Edmund gestures for a Faun who stands leaning against a nearby bookcase and perusing an open book to bring Lanisen a cup and fill it. “Uldus?”
Lanisen gets the slightly flustered, anxious look of somebody who is not accustomed to being served. “Oh! Thank you, er, sorry, thank you.”
Uldus gives him a big, amused grin. “Will you be having the massage and boot shine as well, sir?”
Lanisen darts a rather startled look at Uldus’s face to see in what spirit the joke is made, then laughs and relaxes a little.
Edmund laughs and scolds, “Uldus.” He says to Lanisen. “Mind not his teasing. He is nigh the most pampered servant in all the castle, and will only make use of thy squirming for his own amusement.”
Lanisen ducks his head to laugh again, rather embarrassed. “I’ll do my best not to squirm, then, I guess.”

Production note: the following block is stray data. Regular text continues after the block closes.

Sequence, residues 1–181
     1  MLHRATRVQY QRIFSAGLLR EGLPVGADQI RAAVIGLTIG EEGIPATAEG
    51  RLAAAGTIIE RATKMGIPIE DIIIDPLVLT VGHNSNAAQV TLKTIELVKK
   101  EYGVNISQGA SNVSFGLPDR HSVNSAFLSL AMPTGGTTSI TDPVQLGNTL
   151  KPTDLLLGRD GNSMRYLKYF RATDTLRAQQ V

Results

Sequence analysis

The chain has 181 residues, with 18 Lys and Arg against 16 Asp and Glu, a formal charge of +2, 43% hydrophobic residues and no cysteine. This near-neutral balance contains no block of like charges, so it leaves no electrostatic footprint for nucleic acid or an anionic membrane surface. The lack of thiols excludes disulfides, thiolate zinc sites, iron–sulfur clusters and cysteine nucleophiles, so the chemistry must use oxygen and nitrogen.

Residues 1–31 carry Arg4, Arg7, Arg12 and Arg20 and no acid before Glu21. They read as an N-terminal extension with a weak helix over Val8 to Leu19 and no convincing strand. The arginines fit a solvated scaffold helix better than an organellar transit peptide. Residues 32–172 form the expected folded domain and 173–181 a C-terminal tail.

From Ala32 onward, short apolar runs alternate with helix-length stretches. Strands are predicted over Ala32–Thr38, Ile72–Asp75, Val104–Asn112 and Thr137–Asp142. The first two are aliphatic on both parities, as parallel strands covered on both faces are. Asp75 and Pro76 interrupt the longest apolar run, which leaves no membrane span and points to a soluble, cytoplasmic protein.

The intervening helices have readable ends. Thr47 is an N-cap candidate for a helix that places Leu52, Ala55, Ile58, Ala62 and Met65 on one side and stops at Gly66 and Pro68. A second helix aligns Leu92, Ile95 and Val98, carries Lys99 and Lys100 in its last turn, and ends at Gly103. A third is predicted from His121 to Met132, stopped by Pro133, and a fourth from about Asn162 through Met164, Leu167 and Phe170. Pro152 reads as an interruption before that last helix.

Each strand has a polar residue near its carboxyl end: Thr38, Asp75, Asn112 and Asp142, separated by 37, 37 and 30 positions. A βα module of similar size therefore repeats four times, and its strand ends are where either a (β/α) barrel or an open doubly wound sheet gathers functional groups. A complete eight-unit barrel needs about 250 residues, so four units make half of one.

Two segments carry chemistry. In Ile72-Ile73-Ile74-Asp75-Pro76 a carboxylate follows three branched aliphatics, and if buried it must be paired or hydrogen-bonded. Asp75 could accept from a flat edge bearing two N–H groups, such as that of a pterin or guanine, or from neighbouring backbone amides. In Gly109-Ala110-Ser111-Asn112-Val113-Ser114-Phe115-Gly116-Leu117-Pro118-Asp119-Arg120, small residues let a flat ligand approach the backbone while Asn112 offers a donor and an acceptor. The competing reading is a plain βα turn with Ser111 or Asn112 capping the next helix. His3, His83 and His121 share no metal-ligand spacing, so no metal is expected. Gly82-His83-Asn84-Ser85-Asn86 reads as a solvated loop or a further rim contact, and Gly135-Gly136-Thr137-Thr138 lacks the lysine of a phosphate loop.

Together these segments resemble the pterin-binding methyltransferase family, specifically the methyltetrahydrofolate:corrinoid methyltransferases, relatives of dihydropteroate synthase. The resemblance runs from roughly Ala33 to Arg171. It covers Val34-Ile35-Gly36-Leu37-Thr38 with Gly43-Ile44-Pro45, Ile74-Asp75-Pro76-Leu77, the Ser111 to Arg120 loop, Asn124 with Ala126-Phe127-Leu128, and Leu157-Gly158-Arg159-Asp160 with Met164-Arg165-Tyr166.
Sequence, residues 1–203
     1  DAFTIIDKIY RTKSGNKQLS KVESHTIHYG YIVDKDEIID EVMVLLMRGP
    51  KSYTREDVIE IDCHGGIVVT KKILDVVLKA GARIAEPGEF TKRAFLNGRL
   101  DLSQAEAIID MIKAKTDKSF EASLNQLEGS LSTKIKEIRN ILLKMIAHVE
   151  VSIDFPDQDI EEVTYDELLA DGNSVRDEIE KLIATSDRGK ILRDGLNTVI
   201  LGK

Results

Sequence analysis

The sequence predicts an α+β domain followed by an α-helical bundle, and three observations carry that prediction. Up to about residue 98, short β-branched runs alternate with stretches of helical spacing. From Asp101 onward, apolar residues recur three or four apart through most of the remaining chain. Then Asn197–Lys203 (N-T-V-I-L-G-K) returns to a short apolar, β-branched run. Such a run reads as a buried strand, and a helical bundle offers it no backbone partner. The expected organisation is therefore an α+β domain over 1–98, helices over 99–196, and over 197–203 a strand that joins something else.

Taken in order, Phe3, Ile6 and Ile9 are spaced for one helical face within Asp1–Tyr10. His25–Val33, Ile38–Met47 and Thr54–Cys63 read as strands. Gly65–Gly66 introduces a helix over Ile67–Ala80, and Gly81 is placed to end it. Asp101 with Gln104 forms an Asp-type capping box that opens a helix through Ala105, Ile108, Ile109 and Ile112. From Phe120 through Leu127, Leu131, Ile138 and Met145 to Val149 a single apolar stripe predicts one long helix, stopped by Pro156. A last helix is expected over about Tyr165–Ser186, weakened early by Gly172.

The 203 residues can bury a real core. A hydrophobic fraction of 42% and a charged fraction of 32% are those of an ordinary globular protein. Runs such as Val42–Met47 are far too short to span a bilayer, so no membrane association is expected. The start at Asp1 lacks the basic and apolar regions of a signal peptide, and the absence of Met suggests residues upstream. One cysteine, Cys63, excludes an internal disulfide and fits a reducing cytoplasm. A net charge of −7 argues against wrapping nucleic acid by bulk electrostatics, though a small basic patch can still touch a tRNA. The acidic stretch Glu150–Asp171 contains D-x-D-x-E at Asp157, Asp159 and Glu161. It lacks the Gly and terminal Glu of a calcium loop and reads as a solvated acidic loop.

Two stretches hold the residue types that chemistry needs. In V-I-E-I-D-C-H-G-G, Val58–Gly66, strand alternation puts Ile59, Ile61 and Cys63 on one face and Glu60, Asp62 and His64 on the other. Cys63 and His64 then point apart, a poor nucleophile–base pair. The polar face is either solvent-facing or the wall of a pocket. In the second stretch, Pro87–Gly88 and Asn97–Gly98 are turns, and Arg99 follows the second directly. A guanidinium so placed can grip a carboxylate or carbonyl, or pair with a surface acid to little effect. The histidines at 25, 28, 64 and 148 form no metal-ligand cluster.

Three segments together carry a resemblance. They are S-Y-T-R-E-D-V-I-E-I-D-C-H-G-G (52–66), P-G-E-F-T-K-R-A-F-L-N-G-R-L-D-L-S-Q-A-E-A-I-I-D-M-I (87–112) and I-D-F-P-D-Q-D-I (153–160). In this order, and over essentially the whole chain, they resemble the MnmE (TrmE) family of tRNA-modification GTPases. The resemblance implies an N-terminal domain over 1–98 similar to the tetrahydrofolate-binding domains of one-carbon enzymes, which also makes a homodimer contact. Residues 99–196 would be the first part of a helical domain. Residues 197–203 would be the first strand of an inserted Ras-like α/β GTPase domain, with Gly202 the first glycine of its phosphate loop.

Edmund sits in a large armchair at the fireplace at the end of the library hall, near where Lanisen sits. Uldus appears to be serving them some kind of hot drink as they speak. “Chlamash Tarkaan is meant to meet with me this evening, but I hope shalt not feel too out of place to stay. I’ve promised him a story that concerns the Great Lion. I think it might supplement thy present research.”
Lanisen doesn’t look uneasy, exactly, but he looks like he’s not sure he should be here. He sits on the edge of his chair and has yet to taste the cup Uldus gave him. “Oh–! That’s, um. I don’t, I don’t want to intrude…”
Edmund says, “Tis well thought. Shalt not be an intrusion on my part, but let us inquire of Chlamash whether he would not like company, then.”
Lanisen looks relieved, and nods.
Chlamash’s footsteps may be heard as he makes his way up the passageway and into the library. He pauses as is custom and bows to King Edmund and nods as well to Lanisen. “Good Evening, Your Majesty. Lanisen.”